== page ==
Our opinion: This would of course be bad news, as it would result in thousands of small businesses being drawn in to the VAT system who would either need to increase their prices or sacrifice some of their income. The added red tape and administration demands of becoming VAT registered would also be costly and potentially discourage new entrepreneurs from starting businesses of their own.

Contractors

  • The government will consult in 2018 on how to tackle non-compliance with the intermediaries legislation (IR35) in the private sector. A possible next step would be to extend the recent public sector reforms to the private sector.

Since time immemorial HMRC have waged war on contractors in pursuit of their Utopian vision where all workers are paid via PAYE.

Part 1 of their master-plan was executed earlier this year with the introduction of new rules for the public sector that shifted the responsibility for determining a contractors position regarding IR35 from the contractor to the client. Of course the public bodies did not want to risk getting these decisions wrong, nor did they want to spend time and money reviewing each contractor on a case-by-case basis. As a result, all contractors were added to payrolls and had PAYE and NICs deducted from their fees.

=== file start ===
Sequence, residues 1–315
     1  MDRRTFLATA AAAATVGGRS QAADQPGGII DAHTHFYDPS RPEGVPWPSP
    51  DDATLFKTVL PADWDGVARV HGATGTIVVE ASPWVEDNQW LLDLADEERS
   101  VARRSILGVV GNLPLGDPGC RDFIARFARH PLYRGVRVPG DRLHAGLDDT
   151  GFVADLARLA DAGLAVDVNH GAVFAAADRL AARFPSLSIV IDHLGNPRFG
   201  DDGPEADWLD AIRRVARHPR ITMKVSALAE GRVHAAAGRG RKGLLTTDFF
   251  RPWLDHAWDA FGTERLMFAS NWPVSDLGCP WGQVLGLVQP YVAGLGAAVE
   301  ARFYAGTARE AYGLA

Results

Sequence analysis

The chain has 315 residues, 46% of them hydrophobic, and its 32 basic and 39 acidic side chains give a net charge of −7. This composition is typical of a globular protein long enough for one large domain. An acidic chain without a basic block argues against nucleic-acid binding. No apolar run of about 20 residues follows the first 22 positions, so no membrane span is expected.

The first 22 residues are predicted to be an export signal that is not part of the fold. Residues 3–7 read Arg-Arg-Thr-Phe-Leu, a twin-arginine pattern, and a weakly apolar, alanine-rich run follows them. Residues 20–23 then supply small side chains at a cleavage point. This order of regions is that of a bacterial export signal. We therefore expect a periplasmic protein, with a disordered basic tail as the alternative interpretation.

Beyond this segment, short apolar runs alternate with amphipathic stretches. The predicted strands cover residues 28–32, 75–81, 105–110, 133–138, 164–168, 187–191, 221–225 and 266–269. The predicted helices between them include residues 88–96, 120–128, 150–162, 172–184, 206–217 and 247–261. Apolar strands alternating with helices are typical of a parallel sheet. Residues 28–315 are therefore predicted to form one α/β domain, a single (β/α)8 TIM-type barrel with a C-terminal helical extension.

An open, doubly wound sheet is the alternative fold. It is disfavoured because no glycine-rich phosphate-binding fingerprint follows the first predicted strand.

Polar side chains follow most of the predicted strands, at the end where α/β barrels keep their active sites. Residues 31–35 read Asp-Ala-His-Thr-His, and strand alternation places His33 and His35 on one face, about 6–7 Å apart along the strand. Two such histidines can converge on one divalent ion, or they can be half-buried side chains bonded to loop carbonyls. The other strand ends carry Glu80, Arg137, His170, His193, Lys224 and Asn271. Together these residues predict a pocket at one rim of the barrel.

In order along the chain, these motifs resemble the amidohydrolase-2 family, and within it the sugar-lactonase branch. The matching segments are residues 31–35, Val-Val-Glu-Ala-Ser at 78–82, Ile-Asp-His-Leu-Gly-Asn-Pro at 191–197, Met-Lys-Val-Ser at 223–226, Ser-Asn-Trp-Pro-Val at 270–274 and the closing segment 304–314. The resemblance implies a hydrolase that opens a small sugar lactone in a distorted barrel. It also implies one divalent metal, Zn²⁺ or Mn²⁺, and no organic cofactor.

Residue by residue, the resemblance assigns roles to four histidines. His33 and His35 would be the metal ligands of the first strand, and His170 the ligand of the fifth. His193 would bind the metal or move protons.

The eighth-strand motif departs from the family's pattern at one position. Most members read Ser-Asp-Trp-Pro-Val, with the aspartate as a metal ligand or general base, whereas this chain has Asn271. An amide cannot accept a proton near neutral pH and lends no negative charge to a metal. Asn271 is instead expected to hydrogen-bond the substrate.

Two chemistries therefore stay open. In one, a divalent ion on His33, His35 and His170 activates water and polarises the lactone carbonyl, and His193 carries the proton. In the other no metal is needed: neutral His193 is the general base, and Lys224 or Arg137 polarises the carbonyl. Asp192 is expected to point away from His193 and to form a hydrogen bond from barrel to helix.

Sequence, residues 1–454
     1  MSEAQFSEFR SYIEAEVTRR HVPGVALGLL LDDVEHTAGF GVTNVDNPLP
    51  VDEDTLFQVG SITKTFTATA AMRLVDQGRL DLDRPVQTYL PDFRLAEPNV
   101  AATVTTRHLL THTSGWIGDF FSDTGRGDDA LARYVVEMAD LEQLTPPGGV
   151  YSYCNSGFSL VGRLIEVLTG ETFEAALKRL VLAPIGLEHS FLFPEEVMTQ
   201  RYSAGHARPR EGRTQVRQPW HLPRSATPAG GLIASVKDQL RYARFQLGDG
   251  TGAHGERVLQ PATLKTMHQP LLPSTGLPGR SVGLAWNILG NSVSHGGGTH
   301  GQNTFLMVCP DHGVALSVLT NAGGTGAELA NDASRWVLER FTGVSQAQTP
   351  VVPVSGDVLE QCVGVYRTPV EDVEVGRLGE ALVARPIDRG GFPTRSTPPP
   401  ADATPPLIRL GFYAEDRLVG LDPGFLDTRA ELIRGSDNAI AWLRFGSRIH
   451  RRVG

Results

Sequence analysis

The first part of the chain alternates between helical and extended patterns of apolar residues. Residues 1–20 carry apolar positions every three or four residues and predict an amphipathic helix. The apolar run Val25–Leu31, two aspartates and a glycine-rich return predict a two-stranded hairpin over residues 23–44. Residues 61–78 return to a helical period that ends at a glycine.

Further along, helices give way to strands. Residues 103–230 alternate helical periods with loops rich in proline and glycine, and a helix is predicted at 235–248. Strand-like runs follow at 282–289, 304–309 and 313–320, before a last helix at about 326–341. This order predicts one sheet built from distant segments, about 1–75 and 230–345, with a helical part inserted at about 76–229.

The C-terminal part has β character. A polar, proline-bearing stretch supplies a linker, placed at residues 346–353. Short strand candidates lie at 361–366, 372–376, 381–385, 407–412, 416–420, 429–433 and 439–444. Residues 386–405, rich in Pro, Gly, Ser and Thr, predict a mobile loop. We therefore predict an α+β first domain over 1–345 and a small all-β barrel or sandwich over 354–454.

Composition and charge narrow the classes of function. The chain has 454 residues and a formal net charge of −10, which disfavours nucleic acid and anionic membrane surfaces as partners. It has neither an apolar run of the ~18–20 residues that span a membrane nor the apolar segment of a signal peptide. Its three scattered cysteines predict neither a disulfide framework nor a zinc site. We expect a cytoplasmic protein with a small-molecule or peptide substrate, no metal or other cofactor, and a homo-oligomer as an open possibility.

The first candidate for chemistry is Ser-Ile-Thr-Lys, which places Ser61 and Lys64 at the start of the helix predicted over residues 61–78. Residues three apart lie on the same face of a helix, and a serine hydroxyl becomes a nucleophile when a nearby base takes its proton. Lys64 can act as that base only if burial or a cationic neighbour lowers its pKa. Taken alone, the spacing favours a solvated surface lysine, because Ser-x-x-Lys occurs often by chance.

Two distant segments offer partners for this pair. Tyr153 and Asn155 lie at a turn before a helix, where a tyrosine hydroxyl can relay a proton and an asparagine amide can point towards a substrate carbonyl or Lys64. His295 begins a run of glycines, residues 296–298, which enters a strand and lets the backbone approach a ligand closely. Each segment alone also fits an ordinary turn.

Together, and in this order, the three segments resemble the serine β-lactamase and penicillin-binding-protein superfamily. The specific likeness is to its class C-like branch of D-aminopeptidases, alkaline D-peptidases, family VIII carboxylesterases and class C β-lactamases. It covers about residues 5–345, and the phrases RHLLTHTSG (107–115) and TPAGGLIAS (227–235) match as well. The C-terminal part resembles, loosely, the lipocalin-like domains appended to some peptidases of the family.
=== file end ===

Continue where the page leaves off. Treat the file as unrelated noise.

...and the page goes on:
Since these rules were implemented there’d been suspicions that it was only a matter of time before the same would be rolled out to the private sector. The announcement of this consultation confirms these suspicions, and could have just sounded the death knell for contractors operating via personal service companies in the private sector.

Our opinion: Needless to say this would be terrible news that would affect a lot of people, and if reports of the how the new rules have been implemented within the public sector are anything to go by then it will cause chaos for both the contractors and those companies who rely on them.

Expect to hear more about this in next year’s Budget, and possible timeframes for when the new rules will be enacted.

Still have an appetite for reading high-quality Budget related content? Then why not read our blog on the first Budget of 2017 here.